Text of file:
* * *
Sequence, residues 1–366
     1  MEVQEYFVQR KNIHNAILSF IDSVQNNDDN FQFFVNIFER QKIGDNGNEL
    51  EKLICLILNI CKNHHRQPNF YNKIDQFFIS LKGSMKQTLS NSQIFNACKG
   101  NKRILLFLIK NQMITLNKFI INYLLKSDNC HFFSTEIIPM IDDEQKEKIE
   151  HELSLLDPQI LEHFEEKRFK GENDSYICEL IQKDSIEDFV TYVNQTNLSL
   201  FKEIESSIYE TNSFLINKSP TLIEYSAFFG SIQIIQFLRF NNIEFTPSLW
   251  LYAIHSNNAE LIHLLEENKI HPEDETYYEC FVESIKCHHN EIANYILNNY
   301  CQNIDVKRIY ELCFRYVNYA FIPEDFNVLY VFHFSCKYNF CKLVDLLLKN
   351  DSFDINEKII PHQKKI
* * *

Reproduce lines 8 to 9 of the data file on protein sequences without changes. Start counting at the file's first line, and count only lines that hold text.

   301  CQNIDVKRIY ELCFRYVNYA FIPEDFNVLY VFHFSCKYNF CKLVDLLLKN
   351  DSFDINEKII PHQKKI